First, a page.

Use this URL to cite or link to this record in EThOS:
Title: Sowa Rigpa, spirits and biomedicine : lay Tibetan perspectives on mental illness and its healing in a medically-pluralistic context in Darjeeling, Northeast India
Author: Deane, Susannah
ISNI:       0000 0004 5361 9456
Awarding Body: Cardiff University
Current Institution: Cardiff University
Date of Award: 2014
Availability of Full Text:
Access from EThOS:
Access from Institution:
This thesis examines Tibetan perspectives on the causation, management and treatment of mental illness (Tib.: sems nad) within a Tibetan exile community in Darjeeling, northeast India. Based on two six-month periods of ethnographic fieldwork conducted in 2011 and 2012, it examines common cultural understandings of mental illness and healing, and how these are reflected in health-seeking behaviour. To date, research on lay Tibetan perspectives of mental illness and their impact on health-seeking behaviour has been limited, especially in relation to the concept of smyo nad (‘madness’). Following on from work by Jacobson (2000, 2002, 2007) and Millard (2007), the thesis investigates lay Tibetan perceptions of the causation and treatment of various kinds of mental disorders through the use of indepth semi-structured interviews and participant observation, comparing and contrasting Tibetan approaches to those of biomedical psychology and psychiatry and their accompanying classification systems, the American Diagnostic and Statistical Manual of Mental Disorders (DSM) and European International Classification of Disease (ICD). Four case studies of individuals labelled with different Tibetan and biomedical diagnoses related to mental health conditions are described in order to illustrate a number of key concepts in Tibetan approaches to mental illness and its healing. The research found that that a number of informants successfully combined different – sometimes opposing – explanatory frameworks and treatment approaches in response to an episode of mental illness. However, the thesis concludes that the Tibetan and biomedical categories remain difficult to correlate, due in part to their culturally-specific nature, based on significantly different underlying assumptions regarding individuals and their relationship to the environment.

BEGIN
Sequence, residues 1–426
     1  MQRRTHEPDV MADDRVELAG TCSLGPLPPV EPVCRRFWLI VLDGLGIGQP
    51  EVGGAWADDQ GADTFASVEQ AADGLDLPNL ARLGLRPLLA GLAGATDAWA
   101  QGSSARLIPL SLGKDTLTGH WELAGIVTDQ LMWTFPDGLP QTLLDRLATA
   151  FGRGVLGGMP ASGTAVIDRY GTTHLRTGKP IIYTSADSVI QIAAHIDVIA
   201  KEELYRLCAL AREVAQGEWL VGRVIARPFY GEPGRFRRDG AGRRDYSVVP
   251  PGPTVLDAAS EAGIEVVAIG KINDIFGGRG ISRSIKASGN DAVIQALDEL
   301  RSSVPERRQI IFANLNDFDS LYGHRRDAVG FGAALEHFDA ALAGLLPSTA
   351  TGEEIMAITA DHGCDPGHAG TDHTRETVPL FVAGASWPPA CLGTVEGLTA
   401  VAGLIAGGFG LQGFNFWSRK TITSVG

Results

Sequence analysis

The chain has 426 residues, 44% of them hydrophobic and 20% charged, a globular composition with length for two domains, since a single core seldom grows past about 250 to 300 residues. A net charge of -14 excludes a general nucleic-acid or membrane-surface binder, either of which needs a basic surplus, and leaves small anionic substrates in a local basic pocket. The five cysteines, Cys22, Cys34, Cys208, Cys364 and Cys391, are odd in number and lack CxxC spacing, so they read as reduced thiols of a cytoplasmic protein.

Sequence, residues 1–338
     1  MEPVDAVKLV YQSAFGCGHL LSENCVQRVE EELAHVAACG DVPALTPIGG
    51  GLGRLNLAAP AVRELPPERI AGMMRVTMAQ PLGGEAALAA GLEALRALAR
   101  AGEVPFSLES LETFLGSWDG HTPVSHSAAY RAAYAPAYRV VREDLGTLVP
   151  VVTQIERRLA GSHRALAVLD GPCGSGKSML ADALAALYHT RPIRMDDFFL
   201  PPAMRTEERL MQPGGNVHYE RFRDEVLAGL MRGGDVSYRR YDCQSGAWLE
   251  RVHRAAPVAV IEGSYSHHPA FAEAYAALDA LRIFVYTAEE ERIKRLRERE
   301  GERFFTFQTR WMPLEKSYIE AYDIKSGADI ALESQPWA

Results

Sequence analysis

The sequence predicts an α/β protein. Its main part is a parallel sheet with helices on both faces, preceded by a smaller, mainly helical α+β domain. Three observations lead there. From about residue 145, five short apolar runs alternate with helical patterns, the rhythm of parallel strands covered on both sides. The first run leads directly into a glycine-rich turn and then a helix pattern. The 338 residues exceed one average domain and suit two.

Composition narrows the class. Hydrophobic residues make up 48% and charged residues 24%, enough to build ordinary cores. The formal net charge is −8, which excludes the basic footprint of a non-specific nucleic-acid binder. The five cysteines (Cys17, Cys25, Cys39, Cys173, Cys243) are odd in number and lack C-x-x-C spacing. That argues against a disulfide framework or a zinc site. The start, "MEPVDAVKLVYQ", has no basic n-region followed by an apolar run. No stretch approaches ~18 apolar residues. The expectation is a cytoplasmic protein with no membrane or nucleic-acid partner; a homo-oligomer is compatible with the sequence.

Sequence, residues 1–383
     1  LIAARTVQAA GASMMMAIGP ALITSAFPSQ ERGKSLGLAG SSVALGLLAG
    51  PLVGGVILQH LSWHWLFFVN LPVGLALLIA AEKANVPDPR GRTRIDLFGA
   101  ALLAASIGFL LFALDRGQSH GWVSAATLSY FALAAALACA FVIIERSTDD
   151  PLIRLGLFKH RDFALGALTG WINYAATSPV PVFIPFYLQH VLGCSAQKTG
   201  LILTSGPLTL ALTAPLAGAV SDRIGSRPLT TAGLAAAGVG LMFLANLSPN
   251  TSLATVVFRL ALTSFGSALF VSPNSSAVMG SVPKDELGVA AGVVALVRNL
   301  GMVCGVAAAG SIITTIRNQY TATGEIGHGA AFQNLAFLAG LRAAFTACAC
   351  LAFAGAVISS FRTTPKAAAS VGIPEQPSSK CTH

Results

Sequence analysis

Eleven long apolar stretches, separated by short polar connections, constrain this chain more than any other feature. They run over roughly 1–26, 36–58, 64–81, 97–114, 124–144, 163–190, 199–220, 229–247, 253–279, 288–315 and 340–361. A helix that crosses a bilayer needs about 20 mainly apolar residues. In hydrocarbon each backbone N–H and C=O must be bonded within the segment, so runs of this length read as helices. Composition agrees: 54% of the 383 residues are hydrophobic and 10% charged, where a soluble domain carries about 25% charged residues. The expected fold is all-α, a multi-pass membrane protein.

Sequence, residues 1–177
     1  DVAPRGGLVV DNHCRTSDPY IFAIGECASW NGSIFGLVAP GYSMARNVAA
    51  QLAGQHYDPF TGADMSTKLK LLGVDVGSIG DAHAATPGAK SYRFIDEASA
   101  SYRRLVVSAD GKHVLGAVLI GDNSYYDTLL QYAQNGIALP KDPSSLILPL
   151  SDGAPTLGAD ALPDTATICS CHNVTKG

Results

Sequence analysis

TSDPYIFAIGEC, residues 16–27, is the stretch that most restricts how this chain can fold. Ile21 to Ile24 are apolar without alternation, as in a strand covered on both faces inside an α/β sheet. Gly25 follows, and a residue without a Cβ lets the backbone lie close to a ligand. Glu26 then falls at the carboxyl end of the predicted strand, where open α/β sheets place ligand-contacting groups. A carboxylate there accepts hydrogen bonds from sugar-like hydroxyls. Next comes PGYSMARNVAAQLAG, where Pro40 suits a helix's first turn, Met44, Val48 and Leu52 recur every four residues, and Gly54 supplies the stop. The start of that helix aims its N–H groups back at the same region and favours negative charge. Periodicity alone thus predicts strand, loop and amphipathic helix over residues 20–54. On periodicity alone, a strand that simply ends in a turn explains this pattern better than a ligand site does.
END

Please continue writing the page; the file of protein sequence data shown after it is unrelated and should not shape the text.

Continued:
Supervisor: Not available Sponsor: Not available
Qualification Name: Thesis (Ph.D.) Qualification Level: Doctoral
EThOS ID:  DOI: Not available
Keywords: BP Islam. Bahaism. Theosophy ; etc